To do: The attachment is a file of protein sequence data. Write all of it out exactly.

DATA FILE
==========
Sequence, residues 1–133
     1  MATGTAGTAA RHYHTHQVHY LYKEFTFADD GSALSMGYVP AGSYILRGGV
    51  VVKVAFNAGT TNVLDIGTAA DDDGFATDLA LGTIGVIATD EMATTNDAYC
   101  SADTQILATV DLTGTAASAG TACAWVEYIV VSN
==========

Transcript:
Sequence, residues 1–133
     1  MATGTAGTAA RHYHTHQVHY LYKEFTFADD GSALSMGYVP AGSYILRGGV
    51  VVKVAFNAGT TNVLDIGTAA DDDGFATDLA LGTIGVIATD EMATTNDAYC
   101  SADTQILATV DLTGTAASAG TACAWVEYIV VSN